Water-stressed Pakistan looks for billions in donations to build dams

A man waits for customers as he sells "Gol Gappay", a traditional street food from his cart on Clifton beach in Karachi, Pakistan February 20, 2019. (Reuters)
Updated 24 February 2019

Water-stressed Pakistan looks for billions in donations to build dams

  • The drive aims to raise as much as a staggering $14 billion toward the cost of installing water reservoirs for two major dams
  • Some politicians from government opposition parties have dismissed the effort, saying it is doomed to fail

MUZAFFARABAD, Pakistan: As Pakistan faces worsening water scarcity — and trouble sourcing international cash for hydropower dams it says it needs — it has turned to an unlikely source of cash: A fundraising campaign backed by the country’s top court judges.
Last year Mian Saqib Nisar — then the country’s chief supreme court judge — donated a million Pakistani rupees ($7,400) of his own money to start the drive, calling water shortages a major national threat.
The drive aims to raise as much as a staggering $14 billion toward the cost of installing water reservoirs and other equipment for two major dams.
Nisar retired in January from the court, but the current panel of top judges have taken over the push.
Some politicians from government opposition parties have dismissed the effort, calling it inappropriate and doomed to fail.
“Building dams is not the responsibility of the court,” said Bilawal Bhutto Zardari, chairman of party Pakistan Peoples Party.
But efforts to solicit donations from as far away as the United States and Britain, largely from expatriate Pakistanis, have raised $70 million as of mid-February toward the “Chief Justice Dam Fund,” according to the Supreme Court of Pakistan’s website.
The country’s green-leaning Prime Minister Imran Khan backs the effort.
“Water (scarcity) has been Pakistan’s number one issue and the country may face shortages by 2025 if dams are not built,” Khan warned in a state television address last September.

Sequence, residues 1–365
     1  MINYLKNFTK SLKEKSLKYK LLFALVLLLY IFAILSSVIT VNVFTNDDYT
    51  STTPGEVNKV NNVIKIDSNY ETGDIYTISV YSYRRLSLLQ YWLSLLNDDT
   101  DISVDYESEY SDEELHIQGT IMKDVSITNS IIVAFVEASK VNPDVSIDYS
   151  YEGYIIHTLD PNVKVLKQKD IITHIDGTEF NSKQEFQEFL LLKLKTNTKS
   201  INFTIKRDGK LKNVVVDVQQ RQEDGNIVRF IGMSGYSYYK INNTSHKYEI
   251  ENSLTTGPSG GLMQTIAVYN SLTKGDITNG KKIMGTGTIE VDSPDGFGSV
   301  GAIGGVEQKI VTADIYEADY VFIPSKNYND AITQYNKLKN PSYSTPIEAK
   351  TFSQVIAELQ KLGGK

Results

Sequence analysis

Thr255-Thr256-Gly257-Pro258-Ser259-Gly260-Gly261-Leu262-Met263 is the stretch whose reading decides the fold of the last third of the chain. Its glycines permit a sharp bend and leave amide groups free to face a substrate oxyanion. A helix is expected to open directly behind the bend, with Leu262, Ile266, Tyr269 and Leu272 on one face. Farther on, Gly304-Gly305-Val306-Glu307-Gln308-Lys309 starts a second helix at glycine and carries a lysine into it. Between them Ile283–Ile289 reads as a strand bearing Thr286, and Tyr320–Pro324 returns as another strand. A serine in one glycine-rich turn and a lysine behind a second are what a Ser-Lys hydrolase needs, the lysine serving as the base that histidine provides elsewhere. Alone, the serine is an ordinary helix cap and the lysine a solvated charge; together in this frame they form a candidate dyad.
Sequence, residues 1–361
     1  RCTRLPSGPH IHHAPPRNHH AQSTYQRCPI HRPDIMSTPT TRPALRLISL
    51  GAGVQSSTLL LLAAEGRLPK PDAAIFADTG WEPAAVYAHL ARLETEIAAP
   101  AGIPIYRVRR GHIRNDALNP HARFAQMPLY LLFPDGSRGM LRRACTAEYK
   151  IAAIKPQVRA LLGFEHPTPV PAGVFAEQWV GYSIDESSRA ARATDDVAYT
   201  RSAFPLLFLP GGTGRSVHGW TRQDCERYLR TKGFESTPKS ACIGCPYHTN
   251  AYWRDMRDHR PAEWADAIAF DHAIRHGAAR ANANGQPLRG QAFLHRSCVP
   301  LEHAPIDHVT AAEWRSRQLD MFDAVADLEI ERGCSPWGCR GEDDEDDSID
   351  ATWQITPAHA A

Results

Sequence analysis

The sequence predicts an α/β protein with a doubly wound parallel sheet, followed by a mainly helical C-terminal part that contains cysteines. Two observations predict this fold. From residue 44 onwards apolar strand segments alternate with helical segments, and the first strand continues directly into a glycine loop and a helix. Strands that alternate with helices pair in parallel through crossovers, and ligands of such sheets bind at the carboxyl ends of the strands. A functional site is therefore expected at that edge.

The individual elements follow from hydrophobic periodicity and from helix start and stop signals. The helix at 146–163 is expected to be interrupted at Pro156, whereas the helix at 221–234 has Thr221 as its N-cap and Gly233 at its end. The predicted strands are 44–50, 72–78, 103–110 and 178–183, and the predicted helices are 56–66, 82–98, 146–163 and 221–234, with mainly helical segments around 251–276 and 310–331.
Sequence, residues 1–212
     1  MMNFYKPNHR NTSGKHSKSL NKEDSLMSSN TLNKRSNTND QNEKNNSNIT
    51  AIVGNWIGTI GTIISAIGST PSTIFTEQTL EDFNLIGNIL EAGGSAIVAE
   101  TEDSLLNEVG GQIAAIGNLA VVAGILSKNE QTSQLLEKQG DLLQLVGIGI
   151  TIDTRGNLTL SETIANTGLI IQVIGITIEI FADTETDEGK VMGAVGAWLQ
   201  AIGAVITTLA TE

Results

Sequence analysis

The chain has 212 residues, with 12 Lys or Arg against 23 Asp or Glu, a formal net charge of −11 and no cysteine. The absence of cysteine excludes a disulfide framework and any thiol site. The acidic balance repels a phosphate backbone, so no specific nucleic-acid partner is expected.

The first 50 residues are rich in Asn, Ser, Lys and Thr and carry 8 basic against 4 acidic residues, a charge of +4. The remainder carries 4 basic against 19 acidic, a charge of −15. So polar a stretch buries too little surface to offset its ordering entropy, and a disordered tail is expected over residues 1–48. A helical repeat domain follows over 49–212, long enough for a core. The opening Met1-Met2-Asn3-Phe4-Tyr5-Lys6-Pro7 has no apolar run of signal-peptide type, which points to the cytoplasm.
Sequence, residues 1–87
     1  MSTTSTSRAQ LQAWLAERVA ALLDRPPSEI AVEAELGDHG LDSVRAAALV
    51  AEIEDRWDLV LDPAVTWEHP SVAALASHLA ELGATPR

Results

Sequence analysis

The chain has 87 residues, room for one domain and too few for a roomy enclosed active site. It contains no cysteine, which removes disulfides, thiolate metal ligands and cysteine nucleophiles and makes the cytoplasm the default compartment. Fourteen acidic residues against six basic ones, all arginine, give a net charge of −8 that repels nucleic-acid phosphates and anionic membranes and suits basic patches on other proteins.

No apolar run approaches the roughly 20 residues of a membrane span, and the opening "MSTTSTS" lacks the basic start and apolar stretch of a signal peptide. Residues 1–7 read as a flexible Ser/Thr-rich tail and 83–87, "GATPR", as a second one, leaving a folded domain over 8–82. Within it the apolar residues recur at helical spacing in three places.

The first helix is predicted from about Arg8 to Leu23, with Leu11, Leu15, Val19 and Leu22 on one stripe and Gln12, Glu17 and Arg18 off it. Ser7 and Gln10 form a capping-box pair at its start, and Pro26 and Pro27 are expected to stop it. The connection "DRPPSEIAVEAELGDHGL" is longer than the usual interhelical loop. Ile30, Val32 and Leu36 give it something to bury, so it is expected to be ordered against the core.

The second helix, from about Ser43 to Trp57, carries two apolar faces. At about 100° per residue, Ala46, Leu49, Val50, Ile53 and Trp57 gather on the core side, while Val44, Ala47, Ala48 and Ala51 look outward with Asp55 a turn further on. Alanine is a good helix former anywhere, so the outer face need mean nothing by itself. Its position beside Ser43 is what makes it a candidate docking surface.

He has urged Pakistanis living overseas to donate generously to the effort, comparing the battle to combat water scarcity to a holy war.
“Pakistanis, do take part in this jihad,” the prime minister urged.

WATER WORRIES
Nisar has said he took up Pakistan’s water worries as a personal campaign after Syed Mehar Ali, commissioner of the country’s Indus water treaty, testified in a court hearing last July about worsening water scarcity risks in the country.
Ali told the court that the country’s three western rivers — the Indus, Jhelum and Chenab — carry nearly 140 million acre feet (MAF) of water but the country has water storage capacity for less than 14 MAF.
Much of the water flowing down the river ends up in irrigation channels, but at least 29 MAF simply flows to sea, he said.
Pakistan needs to store 25 MAF of water each year to help shore up water security, the commissioner said — and that would require a series of new large dams, he said.
But building them has proved difficult. An effort to construct a large-scale hydropower dam in Gilgit Baltistan, a Kashmir border region disputed with India, for instance, has had trouble attracting multinational funding.
The proposed Diamer Basha also has proved controversial within the country, facing opposition from some environmental and farmer groups.
Development experts, as well, say charity won’t be enough to build the volume of dams Pakistan needs.
Sardar Riaz Ahmed Khan, a former development secretary in Pakistani-administered Kashmir, said donations can give citizens a sense of ownership in solving the water crisis, but “it’s useless to say that dams will be built by contribution”.
Muzammal Hussain, chairman of Pakista’s Water and Power Development Authority (WAPDA), however, has said work on the Daimer Basha dam, which could store more than 9 MAF of water and generate clean electricity, will begin in May.
Initial work on a second, less controversial dam — the Mohmand, on the Swat River near Peshawar — started last month.
Pakistan’s government has provided funding for acquisition of land for both projects.
Dozens of farmers from Sindh province marched to Karachi last October to protest construction of the Diamer Basha dam on the Indus River. A leading organization of fishermen also has objected to the dam, saying it will hurt their business.
Salman Shah, a former Pakistani finace minister, said in a televised interview that completing the Diamer Basha dam could take more than 12 years as the dam site is mountainous and falls in an earthquake risk zone, necessitating strong and extra stable construction.